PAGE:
The Office of Global Programs provides basic visa advice for study abroad candidates. Whether you need a visa to visit a third country almost always depends on your nationality, not your status as a student in the U.S. You will have to look at the website of the embassy of the country you wish to visit to see their requirements for visitors. Columbia is conveniently located in New York City where you can easily visit the consulates from around the world if you do need to apply for a visitor visa.
Networking is the process of making connections and building relationships that provide you with information, advice, and further contacts, all of which will enhance your ability to make informed career decisions and tap into unadvertised internship/job vacancies. Networking can take place in a group or one-on-one setting.
Yes. Fellowships fund a variety of experiences for study, research, and work in the U.S. and overseas. All fellowship programs have a target audience that all students searching for fellowships have to bear in mind. International students are no different. While many fellowships are targeted at U.S. citizens only, many are not. In fact, most fellowships offered by Columbia invite applicants from any nationality.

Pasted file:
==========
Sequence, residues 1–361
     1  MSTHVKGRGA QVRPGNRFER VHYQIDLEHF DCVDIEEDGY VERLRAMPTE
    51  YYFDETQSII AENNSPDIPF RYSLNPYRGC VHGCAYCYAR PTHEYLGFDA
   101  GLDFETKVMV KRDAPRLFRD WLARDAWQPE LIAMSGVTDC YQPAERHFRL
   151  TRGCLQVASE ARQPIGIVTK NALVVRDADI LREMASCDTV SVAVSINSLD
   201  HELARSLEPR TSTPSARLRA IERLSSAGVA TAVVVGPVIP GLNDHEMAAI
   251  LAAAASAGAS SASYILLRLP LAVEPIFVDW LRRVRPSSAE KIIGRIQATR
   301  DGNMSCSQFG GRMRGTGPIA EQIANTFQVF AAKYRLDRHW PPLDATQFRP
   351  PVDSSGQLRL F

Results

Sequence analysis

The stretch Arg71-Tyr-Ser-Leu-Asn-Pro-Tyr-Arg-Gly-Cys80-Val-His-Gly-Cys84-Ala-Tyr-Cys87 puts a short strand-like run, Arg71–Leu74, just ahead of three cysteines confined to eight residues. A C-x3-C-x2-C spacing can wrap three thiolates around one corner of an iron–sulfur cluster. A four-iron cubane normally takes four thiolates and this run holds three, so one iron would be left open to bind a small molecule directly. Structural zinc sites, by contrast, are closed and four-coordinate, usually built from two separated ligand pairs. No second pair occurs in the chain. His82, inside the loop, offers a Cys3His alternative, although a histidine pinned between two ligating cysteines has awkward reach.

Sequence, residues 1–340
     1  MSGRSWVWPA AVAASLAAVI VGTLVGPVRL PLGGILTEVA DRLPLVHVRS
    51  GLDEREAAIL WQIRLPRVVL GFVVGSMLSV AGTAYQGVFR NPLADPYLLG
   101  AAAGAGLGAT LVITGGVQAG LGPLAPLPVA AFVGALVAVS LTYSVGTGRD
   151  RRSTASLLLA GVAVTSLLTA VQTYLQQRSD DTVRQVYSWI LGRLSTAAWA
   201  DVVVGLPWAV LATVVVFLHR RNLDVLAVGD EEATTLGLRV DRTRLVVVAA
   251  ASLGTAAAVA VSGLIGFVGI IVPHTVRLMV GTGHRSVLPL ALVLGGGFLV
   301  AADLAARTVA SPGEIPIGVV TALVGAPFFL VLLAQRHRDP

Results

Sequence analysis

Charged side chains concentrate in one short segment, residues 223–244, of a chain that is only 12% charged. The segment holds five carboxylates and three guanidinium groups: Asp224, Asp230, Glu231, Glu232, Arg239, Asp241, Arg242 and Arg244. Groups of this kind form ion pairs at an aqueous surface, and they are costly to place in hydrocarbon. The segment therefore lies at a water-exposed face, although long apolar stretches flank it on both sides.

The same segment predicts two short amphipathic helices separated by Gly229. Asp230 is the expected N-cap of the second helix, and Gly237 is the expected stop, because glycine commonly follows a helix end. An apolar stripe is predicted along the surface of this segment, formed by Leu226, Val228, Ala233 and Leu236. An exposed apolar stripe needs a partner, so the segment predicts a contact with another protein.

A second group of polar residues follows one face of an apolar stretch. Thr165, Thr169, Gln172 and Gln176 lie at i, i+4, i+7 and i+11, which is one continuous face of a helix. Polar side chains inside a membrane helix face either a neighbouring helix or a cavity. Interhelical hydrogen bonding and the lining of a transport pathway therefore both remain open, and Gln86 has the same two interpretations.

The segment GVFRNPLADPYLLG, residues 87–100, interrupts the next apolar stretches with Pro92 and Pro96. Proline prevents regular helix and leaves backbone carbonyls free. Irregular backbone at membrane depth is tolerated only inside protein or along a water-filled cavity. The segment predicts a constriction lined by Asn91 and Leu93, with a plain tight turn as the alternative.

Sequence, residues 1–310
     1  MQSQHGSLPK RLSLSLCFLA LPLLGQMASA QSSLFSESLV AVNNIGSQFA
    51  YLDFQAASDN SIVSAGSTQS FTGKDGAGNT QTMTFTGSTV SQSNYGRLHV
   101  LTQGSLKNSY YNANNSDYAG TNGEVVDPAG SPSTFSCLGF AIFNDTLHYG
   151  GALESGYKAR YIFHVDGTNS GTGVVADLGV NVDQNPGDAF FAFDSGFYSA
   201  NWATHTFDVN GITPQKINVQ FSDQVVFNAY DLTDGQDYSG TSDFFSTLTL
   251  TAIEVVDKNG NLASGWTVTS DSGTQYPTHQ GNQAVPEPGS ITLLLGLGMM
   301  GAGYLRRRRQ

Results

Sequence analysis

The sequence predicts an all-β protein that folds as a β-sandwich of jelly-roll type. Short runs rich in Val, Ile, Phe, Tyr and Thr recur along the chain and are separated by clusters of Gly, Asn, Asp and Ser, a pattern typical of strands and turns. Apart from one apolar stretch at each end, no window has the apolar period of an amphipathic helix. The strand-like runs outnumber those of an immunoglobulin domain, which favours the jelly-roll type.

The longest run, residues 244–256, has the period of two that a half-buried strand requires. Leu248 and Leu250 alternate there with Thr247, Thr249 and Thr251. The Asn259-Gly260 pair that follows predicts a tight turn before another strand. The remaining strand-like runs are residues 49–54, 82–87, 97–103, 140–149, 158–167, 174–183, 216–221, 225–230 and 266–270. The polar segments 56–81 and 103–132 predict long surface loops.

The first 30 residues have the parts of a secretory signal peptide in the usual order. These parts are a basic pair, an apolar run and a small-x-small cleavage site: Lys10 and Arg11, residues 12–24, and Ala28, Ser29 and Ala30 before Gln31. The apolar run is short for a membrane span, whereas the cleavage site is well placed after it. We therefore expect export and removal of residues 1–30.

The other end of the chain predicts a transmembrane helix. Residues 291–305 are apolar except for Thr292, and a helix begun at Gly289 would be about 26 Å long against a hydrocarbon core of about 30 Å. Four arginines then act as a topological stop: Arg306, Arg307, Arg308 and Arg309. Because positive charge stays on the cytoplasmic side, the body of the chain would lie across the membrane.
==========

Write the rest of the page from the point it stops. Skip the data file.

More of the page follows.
An entry VISA is a travel document issued by a U.S. Consulate and attached to a page in your passport that is evidence of your eligibility to be admitted to the United States in a particular status with supporting documents. After admission to a program of study, International students who require an F-1 student visa to study in the U.S. apply for a certificate of eligibility called an I-20 from the International Students and Scholars office (ISSO). The I-20 is needed to apply for the entry visa to present upon arrival.
The two most important requirements are to remain registered full-time every term, making normal progress toward your degree, and not to accept any employment, either on- or off-campus, without written permission from the ISSO, and, if necessary, authorization from the Department of Homeland Security (DHS). Be familiar with the information in Maintaining F-1 status. Under certain conditions status may be reinstated if lost for reasons beyond your control. You may also regain status by leaving the U.S.
An entry visa in your passport is relevant ONLY to your eligibility to be admitted to the U.S., not for remaining in the U.S. What matters while you are in the United States is maintaining your F-1 status for the duration of your academic program as reflected on your I-20. If your entry visa expires while you are in the U.S. you will have to obtain a valid one before re-entering the U.S. from a trip abroad. You cannot renew a visa in the U.S. but will have to apply for a new one at a U.S. consulate abroad, most likely in your home country.